May 09, 2017 09:15 AM


Earlier this year, when Philadelphian Andy Sealy found out she had cancer and needed a double mastectomy, she threw a good-bye party for her breasts and made headlines across the world.

The catchy moniker she came up with for the party — “Say Ta-ta to My Tatas” — only added to the fun she wanted to create with the pink-themed soiree.

But after the March 8 surgery to remove both her breasts, follow-up testing gave her some troubling news: she has Stage 4 (they originally thought she was Stage 1) metastatic breast cancer — and it is incurable.

“I was kind of like, ‘Alright. What do we do next?’ ” Sealy, 37,  tells PEOPLE. “I can’t change it. I’m not giving up.”

So now, Sealy’s friends are the ones who are throwing a party on her behalf on May 21 to help her with medical and living expenses as she mounts the fight of her life.

They are calling it a “Banger” in honor of Sealy.

“I guess they kinda took a page out of my book,” she says. “That’s what I always say about a really good time or a really fun party — ‘It’s going to be a banger.’  My friends were like, ‘We really want to have a party for you.’ I just have a hard time accepting things for myself.”

The same goes for the GoFundMe account a friend started to help with her expenses.

“I’m grateful,” she says of both efforts on her behalf. “It’s hard for me because I’m usually the one that does things for other people. Being the one that’s having things done for makes me feel weird.”

Andy and friends after her surgery
Andy Sealy

Sealy admits the new diagnosis came as a shock, but she is refusing to let it crush her spirit.

“I have a really good spirit,” she says. “Cancer can take my body but it can’t take my spirit…I’m just trying to take life by the balls right now.”

Sealy discovered a small lump on her left breast in January that turned out to be benign but doctors found two others on her left breast — one on her areola — that were malignant. Initially, doctors believed it was Stage 1, meaning it hadn’t spread beyond her breasts and into her lymph nodes or elsewhere. Testing after her double mastectomy revealed that it had spread into 11 of her 13 lymph nodes so doctors did more testing and found it had spread to her bones on March 24.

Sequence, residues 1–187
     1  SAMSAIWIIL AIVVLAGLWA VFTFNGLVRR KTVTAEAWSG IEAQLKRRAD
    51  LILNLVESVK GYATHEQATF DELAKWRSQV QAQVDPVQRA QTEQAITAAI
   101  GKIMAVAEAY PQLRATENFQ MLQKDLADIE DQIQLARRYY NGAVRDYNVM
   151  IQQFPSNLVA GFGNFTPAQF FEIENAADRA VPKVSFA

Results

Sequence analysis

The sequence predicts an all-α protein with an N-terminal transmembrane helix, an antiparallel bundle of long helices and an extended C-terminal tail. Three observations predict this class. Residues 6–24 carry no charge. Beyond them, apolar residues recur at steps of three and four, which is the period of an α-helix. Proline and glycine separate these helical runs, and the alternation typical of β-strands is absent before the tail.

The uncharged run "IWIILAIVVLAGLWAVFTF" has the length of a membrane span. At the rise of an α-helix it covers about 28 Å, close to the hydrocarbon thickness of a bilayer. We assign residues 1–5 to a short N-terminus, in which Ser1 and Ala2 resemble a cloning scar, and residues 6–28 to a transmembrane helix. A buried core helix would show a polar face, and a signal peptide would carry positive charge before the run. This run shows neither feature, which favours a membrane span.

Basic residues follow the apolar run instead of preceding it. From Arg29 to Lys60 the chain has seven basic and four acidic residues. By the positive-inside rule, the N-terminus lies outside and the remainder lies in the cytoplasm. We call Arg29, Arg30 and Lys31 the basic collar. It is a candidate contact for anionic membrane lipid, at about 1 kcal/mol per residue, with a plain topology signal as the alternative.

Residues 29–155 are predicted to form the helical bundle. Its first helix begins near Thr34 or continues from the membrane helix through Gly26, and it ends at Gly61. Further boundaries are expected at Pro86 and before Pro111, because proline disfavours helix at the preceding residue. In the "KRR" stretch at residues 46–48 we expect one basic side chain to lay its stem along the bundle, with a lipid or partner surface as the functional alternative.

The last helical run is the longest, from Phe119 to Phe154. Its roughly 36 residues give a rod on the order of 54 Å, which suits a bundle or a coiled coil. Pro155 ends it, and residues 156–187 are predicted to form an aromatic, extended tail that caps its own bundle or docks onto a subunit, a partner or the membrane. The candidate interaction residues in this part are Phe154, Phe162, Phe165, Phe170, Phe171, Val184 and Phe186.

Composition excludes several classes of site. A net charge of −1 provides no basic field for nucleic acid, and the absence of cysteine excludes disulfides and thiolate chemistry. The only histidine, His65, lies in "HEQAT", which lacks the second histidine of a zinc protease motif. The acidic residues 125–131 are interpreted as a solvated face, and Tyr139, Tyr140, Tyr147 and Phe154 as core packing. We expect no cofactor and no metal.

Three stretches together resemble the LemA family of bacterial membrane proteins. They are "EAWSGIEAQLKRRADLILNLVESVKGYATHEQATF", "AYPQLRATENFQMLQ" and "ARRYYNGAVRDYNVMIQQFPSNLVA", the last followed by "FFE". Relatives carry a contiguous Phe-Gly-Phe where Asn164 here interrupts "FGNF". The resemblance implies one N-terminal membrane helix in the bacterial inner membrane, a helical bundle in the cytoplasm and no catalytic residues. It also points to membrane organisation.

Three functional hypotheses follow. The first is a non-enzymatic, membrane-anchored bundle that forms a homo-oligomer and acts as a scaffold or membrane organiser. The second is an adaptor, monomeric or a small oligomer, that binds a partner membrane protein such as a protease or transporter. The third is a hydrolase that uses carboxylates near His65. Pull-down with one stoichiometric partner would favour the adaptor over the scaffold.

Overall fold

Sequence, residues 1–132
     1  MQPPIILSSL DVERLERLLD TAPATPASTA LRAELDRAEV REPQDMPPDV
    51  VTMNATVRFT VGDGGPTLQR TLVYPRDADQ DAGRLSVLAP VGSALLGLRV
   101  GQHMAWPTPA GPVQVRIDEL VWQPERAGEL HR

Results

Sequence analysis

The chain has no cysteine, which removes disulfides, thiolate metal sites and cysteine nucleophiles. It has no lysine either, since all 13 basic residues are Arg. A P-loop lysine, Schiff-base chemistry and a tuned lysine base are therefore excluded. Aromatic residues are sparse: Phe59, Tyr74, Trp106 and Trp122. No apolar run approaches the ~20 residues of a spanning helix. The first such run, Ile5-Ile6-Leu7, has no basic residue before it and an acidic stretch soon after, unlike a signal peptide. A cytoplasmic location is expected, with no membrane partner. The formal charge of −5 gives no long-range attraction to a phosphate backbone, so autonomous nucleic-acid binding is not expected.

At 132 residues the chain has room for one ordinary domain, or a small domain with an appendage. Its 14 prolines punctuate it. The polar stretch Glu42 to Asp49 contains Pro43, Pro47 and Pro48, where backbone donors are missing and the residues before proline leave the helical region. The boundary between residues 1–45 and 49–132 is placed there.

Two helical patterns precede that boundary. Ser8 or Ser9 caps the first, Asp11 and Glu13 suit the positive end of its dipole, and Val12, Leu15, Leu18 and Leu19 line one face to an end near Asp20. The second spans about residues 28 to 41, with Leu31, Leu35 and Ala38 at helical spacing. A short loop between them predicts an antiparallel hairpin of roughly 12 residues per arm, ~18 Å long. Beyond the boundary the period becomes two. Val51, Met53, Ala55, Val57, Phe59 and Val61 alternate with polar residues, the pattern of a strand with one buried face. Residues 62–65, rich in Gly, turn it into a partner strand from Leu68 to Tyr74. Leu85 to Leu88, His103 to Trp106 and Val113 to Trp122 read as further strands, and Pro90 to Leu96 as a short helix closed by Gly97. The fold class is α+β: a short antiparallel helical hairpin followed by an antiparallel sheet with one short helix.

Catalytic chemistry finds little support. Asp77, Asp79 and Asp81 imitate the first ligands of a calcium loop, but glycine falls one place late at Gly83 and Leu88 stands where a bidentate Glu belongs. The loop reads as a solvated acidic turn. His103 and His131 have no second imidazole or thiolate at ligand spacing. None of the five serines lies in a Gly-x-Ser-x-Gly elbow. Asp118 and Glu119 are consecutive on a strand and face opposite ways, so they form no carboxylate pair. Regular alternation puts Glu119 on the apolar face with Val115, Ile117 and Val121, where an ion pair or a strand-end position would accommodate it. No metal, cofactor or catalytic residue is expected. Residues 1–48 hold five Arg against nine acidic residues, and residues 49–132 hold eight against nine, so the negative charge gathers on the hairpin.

TOM GRALISH/Philadelphia Inquirer

Dr. David Mintzer, Sealy’s oncologist at Penn Medicine in Philadelphia, says it is unusual for a diagnosis to take such a dramatic turn.

“Unfortunately, although she noted a relatively small mass on exam, by the time she went to surgery, she had extensive lymph node involvement and then on her scanning she had evidence of bone metastases,” Mintzer tells PEOPLE. “So she presented with really what seemed to be Stage 1 disease but turned out to be Stage 4 disease. That was a surprise. Only about 10 percent of breast cancer patients come in with Stage 4 disease.”

Andy Sealy and her dog, Dink
Andy Sealy

Still, that doesn’t mean this is the end for Sealy. Her treatment plan includes hormonal therapy to throw her into remission — and  hopefully keep her there for years, he says, adding that he’s had patients live for more than a decade with a similar diagnosis.

“What we try to communicate to these patients with Stage 4 disease that even though it may not be curable, you’re living with it, not dying from it,” he says. “She’s not dying. She’s not anywhere close to dying.

“She’s very vivacious and full of energy so this is not throwing in the towel, shutting things down,” he says. “This is about having a chronic disease — having the treatments to try to minimize the impact and side effects and put her in remission and keep her well.”

That is how exactly how Sealy is viewing the entire situation. She also plans to do as much as she can to raise awareness about breast cancer.

“I thought, ‘What am I supposed to do in this world?’ ” she says. “And I think helping to spread the word about the disease might be it. It woke me up…I think that hopefully if I help one person then it’s worth it.”

Andy Sealy

Right now, though, she’s on leave from her sales rep job and figuring out ongoing issues like health insurance and how she will support herself financially if she can’t work.

She’s also joined a Facebook group for those with metastatic breast cancer and is already discovering some things she wants to do something about.

“Only about 2 percent of breast cancer research funds are allocated to metastatic breast cancer,” she says. “I’m like, ‘What? Are you giving up?’ I’m not. If anyone can beat it it’s going to be me.”

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